The Bear ForceDec. 19, 2005
Karri Zumwalt thrives on being around others. It was this quality that prompted her to start a Young Grads Baylor Network group in San Antonio in summer 2003. And it's an attitude that characterizes many of the Network's key facilitators -- volunteer leaders.
Today, Zumwalt, BA '02, still helps coordinate the Young Grads group and has been involved in the Women's League since 2004. She works closely with Kendall Cockrell, the Network's alumni officer for young grads, to schedule events, coordinate details and issue e-mail invitations. "I try to get alumni motivated to come to these events and take part in fun stuff with other alumni," she says. "I also gather ideas from fellow alumni about things to do, places to go, so that we are catering to everyone's likes."
Many alumni are following in Zumwalt's footsteps. There are more than 250 active volunteer leaders in the Network. They are people of influence in their community who can promote events and encourage attendance, says Randy Lofgren, associate vice president for the Baylor Network.
Identifying such leaders has been crucial to the Network's ability to grow, Lofgren says. In the past three years, alumni participation in Network activity has increased to 15,000 nationwide. "I felt very strongly at the beginning that the biggest requirement for catching the interest of other alumni was leadership," he says.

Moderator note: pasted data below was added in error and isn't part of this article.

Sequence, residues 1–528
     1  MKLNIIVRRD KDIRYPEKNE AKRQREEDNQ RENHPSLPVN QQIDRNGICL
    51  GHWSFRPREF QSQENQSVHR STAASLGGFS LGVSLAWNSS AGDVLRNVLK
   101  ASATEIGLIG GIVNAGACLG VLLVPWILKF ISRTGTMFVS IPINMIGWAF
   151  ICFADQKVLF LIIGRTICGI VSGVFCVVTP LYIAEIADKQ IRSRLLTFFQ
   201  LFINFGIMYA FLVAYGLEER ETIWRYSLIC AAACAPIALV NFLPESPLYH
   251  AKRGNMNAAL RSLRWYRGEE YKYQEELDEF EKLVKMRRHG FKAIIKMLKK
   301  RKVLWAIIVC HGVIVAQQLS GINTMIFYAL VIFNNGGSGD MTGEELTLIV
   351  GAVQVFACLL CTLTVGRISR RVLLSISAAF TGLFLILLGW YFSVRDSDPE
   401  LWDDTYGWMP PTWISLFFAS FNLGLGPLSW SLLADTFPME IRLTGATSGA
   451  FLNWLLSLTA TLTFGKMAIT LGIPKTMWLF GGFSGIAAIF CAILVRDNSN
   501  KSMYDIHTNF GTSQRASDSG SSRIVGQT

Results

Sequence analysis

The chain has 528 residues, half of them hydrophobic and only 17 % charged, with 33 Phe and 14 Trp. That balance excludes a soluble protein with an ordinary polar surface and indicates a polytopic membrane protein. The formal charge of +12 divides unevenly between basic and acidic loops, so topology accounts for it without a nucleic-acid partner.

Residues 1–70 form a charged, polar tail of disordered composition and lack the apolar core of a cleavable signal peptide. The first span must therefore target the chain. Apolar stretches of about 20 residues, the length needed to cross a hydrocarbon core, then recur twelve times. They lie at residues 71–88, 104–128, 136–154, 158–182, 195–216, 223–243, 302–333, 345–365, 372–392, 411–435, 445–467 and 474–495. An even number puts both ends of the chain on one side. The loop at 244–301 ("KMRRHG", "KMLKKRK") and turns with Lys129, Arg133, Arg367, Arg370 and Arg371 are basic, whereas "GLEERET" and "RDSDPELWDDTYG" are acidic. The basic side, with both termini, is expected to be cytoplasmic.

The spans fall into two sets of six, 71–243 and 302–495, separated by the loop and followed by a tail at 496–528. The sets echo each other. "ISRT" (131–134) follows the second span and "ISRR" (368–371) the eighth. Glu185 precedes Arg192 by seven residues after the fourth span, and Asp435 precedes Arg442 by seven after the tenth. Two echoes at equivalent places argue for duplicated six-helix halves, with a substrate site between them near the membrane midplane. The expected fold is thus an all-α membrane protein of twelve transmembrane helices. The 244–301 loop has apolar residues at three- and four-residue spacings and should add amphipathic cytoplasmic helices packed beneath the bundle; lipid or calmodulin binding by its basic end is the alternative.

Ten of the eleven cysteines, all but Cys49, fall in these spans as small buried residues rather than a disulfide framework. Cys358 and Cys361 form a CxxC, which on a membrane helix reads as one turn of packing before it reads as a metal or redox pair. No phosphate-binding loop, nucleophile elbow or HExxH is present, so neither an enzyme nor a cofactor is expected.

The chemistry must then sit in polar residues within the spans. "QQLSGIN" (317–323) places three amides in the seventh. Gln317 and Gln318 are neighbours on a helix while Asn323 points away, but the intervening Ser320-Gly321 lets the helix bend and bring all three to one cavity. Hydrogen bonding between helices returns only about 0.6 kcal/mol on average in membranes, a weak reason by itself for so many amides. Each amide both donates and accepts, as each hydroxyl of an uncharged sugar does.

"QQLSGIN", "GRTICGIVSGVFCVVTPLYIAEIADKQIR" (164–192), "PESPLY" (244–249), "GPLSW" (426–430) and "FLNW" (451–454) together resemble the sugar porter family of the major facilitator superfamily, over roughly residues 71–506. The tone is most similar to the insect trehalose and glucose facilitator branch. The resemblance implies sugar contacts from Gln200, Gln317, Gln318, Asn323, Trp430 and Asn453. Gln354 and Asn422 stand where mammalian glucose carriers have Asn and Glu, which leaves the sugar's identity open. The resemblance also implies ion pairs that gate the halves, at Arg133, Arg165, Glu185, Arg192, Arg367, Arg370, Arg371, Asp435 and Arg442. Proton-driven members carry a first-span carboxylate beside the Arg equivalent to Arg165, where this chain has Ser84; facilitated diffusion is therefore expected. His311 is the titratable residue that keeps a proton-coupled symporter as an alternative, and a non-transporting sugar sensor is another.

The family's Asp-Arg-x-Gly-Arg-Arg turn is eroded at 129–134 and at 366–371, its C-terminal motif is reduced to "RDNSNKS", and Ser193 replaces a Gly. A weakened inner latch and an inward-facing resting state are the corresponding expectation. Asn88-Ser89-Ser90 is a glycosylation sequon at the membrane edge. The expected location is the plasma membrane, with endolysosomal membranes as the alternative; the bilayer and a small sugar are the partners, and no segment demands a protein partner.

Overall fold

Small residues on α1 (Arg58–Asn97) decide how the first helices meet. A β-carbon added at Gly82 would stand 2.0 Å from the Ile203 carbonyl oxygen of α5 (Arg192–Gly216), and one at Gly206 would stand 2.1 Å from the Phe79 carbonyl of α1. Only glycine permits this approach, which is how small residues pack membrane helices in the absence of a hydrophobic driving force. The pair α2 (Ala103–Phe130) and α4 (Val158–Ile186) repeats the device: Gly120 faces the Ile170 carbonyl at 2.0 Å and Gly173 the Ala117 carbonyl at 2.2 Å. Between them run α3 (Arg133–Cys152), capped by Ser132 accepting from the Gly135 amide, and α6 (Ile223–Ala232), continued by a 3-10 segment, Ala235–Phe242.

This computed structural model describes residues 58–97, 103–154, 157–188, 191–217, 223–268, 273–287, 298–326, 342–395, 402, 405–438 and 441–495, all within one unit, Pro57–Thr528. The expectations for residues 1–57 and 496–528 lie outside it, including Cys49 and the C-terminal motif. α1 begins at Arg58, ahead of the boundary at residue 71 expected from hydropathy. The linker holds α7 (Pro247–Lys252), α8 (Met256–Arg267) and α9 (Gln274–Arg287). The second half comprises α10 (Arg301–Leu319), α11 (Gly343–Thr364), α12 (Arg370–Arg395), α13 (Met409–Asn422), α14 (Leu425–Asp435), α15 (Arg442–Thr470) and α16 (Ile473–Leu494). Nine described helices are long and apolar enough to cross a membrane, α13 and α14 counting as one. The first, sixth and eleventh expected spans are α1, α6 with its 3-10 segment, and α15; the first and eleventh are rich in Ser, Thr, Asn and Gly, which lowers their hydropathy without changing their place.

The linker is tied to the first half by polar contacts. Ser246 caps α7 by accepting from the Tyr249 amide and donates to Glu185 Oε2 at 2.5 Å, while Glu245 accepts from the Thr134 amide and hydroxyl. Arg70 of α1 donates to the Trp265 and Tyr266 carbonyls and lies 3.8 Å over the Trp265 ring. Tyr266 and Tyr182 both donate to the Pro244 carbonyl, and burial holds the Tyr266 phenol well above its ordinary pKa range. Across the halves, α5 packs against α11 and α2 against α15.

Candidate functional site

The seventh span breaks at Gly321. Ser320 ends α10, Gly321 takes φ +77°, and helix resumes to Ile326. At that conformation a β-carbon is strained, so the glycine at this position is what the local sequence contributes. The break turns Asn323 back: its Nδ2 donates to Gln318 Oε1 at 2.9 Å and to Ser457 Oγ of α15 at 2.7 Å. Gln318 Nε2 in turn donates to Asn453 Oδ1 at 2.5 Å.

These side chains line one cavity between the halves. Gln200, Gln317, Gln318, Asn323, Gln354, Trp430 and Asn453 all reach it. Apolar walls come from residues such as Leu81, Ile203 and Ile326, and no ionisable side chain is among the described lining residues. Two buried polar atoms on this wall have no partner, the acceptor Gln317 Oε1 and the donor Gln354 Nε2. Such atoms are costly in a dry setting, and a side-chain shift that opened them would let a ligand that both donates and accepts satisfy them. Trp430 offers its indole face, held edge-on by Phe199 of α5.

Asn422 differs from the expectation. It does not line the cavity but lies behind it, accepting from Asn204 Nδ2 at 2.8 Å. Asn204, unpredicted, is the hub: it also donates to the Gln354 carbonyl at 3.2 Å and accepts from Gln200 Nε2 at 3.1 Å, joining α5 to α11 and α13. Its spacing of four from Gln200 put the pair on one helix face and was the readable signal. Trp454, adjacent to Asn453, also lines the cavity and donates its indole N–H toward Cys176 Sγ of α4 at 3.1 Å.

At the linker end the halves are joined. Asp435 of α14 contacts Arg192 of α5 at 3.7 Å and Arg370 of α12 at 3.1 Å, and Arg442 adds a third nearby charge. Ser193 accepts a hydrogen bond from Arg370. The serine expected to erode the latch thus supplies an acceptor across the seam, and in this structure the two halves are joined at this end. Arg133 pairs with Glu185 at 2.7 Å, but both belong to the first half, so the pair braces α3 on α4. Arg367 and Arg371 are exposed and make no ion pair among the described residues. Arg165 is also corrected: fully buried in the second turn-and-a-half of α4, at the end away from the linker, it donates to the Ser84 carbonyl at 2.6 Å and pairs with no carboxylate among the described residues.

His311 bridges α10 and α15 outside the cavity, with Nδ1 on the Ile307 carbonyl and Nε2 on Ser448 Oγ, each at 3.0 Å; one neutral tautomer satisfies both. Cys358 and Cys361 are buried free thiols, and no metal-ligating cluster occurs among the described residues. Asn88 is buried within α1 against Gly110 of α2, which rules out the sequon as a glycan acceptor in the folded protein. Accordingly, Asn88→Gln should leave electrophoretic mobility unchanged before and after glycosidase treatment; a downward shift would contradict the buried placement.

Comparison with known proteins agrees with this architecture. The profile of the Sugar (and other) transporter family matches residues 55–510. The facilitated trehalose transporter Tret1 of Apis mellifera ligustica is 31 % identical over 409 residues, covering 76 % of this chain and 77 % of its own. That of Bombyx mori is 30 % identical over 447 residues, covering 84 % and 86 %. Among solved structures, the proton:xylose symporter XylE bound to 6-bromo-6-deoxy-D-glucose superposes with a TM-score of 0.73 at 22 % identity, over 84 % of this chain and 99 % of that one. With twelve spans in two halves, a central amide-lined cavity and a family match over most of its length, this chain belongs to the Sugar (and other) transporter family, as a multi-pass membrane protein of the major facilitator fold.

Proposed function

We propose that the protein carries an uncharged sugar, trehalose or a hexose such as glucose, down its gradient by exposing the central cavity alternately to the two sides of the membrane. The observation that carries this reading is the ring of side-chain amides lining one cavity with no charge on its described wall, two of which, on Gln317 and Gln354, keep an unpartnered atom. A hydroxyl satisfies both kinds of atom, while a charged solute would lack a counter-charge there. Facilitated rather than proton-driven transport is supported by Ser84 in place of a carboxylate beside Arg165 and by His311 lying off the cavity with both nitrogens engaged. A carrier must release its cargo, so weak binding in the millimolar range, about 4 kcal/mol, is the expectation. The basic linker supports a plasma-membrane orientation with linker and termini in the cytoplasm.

Lofgren hired four alumni field officers -- Brenda Morris, Carol Kent, Brent Edwards and Cockrell -- chosen for their ability to identify leaders and listen to the needs of Baylor graduates. "The key was to find staff members who had the kind of outstanding leadership that volunteer leaders would follow," he said. Events are planned through the field officers, and then other volunteers are recruited to host and organize the events.
As director of the Network, Brenda Morris spends much of her time working with volunteer leaders. "They have their own large networks of influence and attract others as participants in the various Baylor networks," she says. "Our four-person field staff, in place for the past two years, simply cannot function without the influence of the 250 Network leaders who engage the 15,000 participants in the various activities."
Volunteer leaders also contribute to the proliferation of alumni events. "Baylor produces a lot of leaders. Wherever they've lived, they've established themselves and developed a network of influence. Then when they move, they are likely to be instrumental in starting something new in their new communities," Lofgren says.
What once was a spattering of activities in major Texas cities now is an expanding agenda of more than 60 locations and 350 events in 27 states that ranges from the business and women's networks to theater, sports, service projects and discussion groups.
Many volunteer leaders are interested and involved in more than one area. Lofgren says the alumni Web site shows people the variety of events offered and encourages them to communicate with each other -- something that leaders do naturally. It's this "cross-pollination," says Lofgren, that has led to increased participation in events. Many activities attract 50 to 200 people.
Increased alumni involvement has important implications for the entire Baylor community. University Development has seen a marked increase in the number of donors to the annual fund and in first-time contributors, Lofgren says. He attributes at least some of this increase to the work of the Network volunteer leaders and staff.
"When the University demonstrates its commitment to its graduates by providing high-quality activities and services for them," Lofgren says, "there is a natural response that assists the University in recruiting, public relations and fundraising."